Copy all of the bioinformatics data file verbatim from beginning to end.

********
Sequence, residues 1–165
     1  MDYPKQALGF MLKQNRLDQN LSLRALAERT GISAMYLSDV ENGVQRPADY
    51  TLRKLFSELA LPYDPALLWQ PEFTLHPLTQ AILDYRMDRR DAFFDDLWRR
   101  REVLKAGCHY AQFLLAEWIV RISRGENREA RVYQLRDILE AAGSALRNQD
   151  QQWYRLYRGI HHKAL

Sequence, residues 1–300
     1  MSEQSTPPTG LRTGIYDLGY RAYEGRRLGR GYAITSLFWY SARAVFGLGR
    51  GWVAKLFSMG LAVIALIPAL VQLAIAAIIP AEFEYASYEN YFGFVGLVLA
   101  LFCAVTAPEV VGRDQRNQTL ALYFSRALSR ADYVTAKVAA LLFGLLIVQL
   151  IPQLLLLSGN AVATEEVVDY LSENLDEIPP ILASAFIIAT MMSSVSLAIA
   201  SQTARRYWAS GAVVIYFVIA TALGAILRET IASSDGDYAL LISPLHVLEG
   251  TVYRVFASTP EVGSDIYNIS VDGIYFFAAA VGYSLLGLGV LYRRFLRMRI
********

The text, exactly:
Sequence, residues 1–165
     1  MDYPKQALGF MLKQNRLDQN LSLRALAERT GISAMYLSDV ENGVQRPADY
    51  TLRKLFSELA LPYDPALLWQ PEFTLHPLTQ AILDYRMDRR DAFFDDLWRR
   101  REVLKAGCHY AQFLLAEWIV RISRGENREA RVYQLRDILE AAGSALRNQD
   151  QQWYRLYRGI HHKAL

Sequence, residues 1–300
     1  MSEQSTPPTG LRTGIYDLGY RAYEGRRLGR GYAITSLFWY SARAVFGLGR
    51  GWVAKLFSMG LAVIALIPAL VQLAIAAIIP AEFEYASYEN YFGFVGLVLA
   101  LFCAVTAPEV VGRDQRNQTL ALYFSRALSR ADYVTAKVAA LLFGLLIVQL
   151  IPQLLLLSGN AVATEEVVDY LSENLDEIPP ILASAFIIAT MMSSVSLAIA
   201  SQTARRYWAS GAVVIYFVIA TALGAILRET IASSDGDYAL LISPLHVLEG
   251  TVYRVFASTP EVGSDIYNIS VDGIYFFAAA VGYSLLGLGV LYRRFLRMRI